U.K. Chancellor Rishi Sunak’s Treasury is locked in a battle with Alok Sharma’s Business Department over how to ensure polluters pay for their emissions after Brexit.
The Treasury is pushing to replace the European Union’s cap-and-trade system with an economy-wide carbon tax, which would come into effect after Britain exits the bloc in January. The Department for Business, Energy and Industrial Strategy is drawing up a new emissions-trading system to start in January similar to the EU program that the U.K. currently participates in.
One person familiar with the debate predicted that an ETS was a likely option, and a hybrid is also being considered. A decision is expected soon. It is likely to be announced by Dec. 12, when Prime Minister Boris Johnson will co-host a United Nations meeting on climate action, where he is expected to reveal a new 2030 climate pledge and encourage other countries to set their own goals to bring net emissions to zero.
But with just a little over two months to go before the U.K. leaves the EU and no deal agreed, businesses and traders are becoming increasingly concerned over the lack of certainty for how they’ll be charged for their pollution and whether the U.K system will be linked to the EU’s ETS.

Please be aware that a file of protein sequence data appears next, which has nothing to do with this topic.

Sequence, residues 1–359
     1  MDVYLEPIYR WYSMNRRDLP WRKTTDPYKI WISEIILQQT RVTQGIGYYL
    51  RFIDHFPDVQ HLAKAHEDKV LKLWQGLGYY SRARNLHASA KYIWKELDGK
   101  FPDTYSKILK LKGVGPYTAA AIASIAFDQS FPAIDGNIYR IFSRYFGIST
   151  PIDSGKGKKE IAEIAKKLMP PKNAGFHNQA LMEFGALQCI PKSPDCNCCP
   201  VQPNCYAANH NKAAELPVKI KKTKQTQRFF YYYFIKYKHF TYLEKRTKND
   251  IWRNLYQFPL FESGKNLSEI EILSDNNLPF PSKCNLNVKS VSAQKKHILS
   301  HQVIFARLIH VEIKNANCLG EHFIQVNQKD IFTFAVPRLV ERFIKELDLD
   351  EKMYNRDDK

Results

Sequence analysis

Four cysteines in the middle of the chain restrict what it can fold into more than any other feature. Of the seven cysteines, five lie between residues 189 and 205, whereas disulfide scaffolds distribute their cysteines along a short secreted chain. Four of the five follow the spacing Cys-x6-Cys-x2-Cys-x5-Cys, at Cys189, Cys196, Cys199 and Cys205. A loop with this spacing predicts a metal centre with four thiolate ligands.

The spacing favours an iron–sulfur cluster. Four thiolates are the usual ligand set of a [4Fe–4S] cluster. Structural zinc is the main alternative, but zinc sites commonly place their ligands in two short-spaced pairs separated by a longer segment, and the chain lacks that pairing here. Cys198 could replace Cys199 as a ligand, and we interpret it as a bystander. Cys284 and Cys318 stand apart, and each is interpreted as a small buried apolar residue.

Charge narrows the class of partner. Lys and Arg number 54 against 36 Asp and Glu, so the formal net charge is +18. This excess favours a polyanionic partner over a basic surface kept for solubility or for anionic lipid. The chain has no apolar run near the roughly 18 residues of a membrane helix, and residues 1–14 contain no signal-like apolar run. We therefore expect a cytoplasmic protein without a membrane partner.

“We’re really running tight on time if they want to implement an ETS,” said Jahn Olsen, analyst for BloombergNEF. “A tax has a lot of obvious disadvantages.”
The U.K. is still negotiating to find a way that could tie a U.K. cap-and-trade system to the EU ETS — if it does opt for that system. But if no deal can be struck, BEIS officials say a standalone U.K. ETS would be just as effective. The EU ETS is the world’s biggest carbon market.
Some of the U.K.’s biggest emitters are lobbying against a carbon tax, saying it would put them at a competitive disadvantage to EU rivals. They’re more comfortable with an ETS, since they’ve had to deal with the EU system since 2005. Olsen said a standalone U.K. ETS would probably initially deliver a lower carbon price than a tax because there would be an oversupply of allowances at first since the economy is in recession and the number of certificates issued in the system would probably be set for more normal times.
An oversupplied ETS in the U.K. may mean companies could buy carbon allowances around 15 pounds ($19.60) a ton, Olsen said. That’s lower than the average of 24 euros ($28) a ton in the EU system over the past year.
“The proposed carbon emissions tax is much less flexible than an Emission Trading Scheme and will lead to an unnecessarily higher tax burden for British steel companies,” said Frank Aaskov, energy and climate change policy manager for the U.K. Steel industry group.
READ MORE: Why Pricing Carbon Is Still More Theory Than Reality
Under the terms of the Withdrawal Agreement, the U.K. will remain in the EU